This vision of the glorified Jesus was so awesome and holy that when John saw him, he fell at his feet as though dead (17a). John had known Jesus personally, and glimpsed his glory at the Mount of Transfiguration. He had grown to be a mature apostle of Jesus. Yet, when he saw Jesus as he truly is, he was overwhelmed. The great theologian Thomas Aquinas, who wrote the epic work: Summa Theologica, once had a vision of heaven. Then he said, “The end of my labors has come. All that I have written appears to be as so much straw after the things that have been revealed to me.” We all have our own concepts about Jesus based on our experiences, study and thoughts. But the glorified Jesus is so much greater than we realize. As we study Revelation let’s see the glorified Jesus as he truly is and have a vision of his coming again in power and great glory. Then we will not be discouraged by the things of the world. Rather, we will be full of vision and hope. This is how we can overcome all kinds of challenges and live a victorious life.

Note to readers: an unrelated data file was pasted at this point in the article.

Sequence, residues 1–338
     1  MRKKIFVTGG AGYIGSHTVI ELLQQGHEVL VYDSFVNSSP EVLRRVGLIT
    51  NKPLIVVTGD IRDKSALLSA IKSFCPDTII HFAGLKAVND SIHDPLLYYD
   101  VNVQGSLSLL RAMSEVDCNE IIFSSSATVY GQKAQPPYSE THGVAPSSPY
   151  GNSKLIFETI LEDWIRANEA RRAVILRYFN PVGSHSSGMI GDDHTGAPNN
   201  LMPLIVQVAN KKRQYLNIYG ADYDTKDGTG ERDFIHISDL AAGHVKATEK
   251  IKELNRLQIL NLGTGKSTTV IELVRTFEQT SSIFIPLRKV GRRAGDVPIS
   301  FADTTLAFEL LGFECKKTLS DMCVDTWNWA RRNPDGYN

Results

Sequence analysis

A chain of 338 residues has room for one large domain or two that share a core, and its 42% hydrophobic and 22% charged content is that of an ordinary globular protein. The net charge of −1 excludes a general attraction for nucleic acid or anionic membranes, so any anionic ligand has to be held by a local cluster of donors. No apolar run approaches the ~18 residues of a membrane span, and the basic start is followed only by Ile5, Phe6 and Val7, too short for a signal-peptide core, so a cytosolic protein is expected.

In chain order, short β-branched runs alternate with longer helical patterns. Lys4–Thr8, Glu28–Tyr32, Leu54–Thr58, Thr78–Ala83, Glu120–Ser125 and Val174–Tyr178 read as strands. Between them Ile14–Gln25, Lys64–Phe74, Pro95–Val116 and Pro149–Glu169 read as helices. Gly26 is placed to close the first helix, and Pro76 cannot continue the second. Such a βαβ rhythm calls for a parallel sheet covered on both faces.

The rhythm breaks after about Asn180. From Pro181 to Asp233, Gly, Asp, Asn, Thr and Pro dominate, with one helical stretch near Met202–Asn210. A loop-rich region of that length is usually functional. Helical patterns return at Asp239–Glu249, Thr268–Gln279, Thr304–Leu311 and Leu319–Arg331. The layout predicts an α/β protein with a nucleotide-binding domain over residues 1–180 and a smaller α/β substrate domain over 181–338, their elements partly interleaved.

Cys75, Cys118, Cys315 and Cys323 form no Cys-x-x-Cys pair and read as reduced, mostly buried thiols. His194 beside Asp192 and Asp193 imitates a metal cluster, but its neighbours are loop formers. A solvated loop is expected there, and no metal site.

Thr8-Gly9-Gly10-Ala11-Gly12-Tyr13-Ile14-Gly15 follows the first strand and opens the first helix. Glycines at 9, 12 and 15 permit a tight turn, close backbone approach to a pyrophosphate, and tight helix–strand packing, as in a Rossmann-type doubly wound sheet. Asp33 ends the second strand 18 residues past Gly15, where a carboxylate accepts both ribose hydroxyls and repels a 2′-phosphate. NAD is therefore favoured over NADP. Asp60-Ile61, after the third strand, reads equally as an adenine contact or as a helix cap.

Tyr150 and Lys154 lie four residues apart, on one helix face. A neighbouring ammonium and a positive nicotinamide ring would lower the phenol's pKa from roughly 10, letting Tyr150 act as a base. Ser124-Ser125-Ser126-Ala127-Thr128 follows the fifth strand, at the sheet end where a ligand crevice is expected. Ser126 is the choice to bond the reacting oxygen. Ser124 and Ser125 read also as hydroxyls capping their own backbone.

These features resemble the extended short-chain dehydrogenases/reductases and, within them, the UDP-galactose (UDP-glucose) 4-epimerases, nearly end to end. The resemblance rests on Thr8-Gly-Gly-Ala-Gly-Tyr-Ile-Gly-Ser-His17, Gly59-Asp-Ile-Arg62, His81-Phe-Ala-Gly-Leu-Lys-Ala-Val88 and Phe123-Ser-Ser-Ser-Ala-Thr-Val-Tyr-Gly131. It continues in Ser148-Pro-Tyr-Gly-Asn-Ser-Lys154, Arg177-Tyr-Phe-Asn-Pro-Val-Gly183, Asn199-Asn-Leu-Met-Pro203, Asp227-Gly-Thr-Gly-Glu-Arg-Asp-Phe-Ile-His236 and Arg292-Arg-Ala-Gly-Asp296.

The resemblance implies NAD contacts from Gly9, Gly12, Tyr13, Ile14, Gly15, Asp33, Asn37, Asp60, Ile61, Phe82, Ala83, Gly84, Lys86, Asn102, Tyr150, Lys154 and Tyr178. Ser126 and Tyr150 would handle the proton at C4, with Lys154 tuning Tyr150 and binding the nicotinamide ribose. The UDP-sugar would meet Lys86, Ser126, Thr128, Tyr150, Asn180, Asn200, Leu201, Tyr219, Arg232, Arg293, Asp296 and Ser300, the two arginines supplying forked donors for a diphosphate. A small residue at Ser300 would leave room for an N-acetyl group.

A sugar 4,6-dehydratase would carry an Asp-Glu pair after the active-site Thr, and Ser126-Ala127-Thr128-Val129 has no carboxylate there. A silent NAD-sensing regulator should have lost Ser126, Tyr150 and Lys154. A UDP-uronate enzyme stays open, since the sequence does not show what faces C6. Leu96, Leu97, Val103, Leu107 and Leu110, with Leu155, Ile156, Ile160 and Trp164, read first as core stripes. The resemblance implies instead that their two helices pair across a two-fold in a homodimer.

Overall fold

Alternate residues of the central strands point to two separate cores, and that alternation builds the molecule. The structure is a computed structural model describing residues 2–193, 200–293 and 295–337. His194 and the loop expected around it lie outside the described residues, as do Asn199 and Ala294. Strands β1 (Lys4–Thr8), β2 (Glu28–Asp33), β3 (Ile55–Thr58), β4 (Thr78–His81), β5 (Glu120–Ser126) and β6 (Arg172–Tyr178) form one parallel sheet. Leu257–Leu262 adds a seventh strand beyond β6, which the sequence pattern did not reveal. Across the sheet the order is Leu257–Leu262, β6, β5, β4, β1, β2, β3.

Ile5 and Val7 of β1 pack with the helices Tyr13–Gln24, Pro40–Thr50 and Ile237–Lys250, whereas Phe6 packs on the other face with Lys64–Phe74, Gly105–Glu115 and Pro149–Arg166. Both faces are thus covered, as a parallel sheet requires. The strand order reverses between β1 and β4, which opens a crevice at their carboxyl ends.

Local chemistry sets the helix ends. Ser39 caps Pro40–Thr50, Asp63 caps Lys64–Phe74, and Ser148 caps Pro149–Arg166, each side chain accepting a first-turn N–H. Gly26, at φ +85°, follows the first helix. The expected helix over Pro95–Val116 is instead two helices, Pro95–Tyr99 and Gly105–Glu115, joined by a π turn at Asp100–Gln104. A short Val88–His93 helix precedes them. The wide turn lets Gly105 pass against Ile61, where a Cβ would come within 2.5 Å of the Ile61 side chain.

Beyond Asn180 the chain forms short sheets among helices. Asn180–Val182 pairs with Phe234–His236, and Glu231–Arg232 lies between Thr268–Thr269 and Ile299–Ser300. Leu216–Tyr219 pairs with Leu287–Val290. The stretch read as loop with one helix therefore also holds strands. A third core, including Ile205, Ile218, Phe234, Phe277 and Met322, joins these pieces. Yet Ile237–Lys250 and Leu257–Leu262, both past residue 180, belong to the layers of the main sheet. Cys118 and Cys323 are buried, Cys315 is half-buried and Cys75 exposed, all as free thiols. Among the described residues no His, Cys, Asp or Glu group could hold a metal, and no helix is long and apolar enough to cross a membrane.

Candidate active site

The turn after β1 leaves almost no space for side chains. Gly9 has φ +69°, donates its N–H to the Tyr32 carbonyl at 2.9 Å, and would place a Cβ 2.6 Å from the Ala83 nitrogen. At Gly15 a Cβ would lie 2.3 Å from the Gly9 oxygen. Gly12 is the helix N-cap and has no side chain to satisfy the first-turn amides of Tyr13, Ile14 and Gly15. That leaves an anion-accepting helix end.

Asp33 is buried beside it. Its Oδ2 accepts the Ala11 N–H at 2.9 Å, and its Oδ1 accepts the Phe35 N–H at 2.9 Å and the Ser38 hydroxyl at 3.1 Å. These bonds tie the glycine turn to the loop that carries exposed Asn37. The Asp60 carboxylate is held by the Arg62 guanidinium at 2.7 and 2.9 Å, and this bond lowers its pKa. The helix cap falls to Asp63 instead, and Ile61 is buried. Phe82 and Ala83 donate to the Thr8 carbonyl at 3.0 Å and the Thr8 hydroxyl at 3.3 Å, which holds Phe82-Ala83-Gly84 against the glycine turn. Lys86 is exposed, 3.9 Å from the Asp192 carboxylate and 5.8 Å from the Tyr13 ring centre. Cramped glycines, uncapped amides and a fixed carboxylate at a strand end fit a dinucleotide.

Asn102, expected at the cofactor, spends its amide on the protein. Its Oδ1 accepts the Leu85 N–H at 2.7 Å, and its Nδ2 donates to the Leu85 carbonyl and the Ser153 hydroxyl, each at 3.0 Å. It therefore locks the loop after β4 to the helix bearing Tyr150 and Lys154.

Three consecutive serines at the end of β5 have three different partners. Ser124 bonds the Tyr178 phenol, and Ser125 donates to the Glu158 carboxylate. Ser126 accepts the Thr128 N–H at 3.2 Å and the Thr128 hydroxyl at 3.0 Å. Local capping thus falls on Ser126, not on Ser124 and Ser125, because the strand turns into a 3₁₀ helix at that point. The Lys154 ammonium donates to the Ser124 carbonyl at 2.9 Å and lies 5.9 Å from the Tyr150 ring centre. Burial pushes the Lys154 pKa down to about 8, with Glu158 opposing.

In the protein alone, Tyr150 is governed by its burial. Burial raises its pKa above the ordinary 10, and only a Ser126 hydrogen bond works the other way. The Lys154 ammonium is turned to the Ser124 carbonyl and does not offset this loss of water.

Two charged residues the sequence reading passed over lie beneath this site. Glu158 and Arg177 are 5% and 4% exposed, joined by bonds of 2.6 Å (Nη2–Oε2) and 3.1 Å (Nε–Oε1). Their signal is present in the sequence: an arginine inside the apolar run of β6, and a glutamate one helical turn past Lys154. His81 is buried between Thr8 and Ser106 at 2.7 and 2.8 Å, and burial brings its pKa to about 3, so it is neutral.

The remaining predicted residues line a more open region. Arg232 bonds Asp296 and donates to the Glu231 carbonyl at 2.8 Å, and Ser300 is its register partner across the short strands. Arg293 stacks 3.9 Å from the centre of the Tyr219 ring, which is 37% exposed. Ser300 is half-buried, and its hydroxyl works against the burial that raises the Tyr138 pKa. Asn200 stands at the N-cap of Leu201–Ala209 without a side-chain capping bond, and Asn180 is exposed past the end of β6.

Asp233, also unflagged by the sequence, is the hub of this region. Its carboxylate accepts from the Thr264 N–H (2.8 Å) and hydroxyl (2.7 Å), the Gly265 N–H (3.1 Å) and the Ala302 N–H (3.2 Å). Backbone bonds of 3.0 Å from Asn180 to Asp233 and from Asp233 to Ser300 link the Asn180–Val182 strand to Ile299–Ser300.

When John was utterly helpless, glorified Jesus placed his right hand on him and said: “Do not be afraid.” Why? Because Jesus was with him. Jesus said, “I am the First and the Last. I am the Living One; I was dead, and now look, I am alive for ever and ever! And I hold the keys of death and Hades” (17b-18). This Jesus is the Creator and Sustainer of all life. He holds time and space in his hands and controls history from beginning to end. He died and rose again, conquering the power of sin and death. He has authority to decide who dies and who lives, and who goes to eternal glory and to eternal condemnation. Those who believe in him will never die but have eternal life. When this Living Jesus is with us, we don’t need to be afraid of anything. We can serve him in holiness and righteousness all our days (Lk 1:75). Jesus told John to write down what he had seen so that all believers might have this glorious vision. Through this passage I thought about my vision. I want to see our church thriving with spiritual life through the ministry of God’s word, prayer and the work of the Holy Spirit so that lifelong discipleship can take place and we can evangelize and disciple college students. I want to see spiritual revival in my nation and many servants of Christ raised. I want to see my family members grow in Jesus and serve him willingly and joyfully. These are good and important visions. But if I focus on these things, I can easily get discouraged by present realities. The Lord gives us a much greater vision--the vision of the glorified Jesus, coming in great power and glory, and the new heavens and new earth. I pray to fix my eyes on glorified Jesus and see God’ great vision in this new year. Through Revelation study, let’s all glorified Jesus and his kingdom. May 2020 be the year of 20/20 spiritual vision for all of us.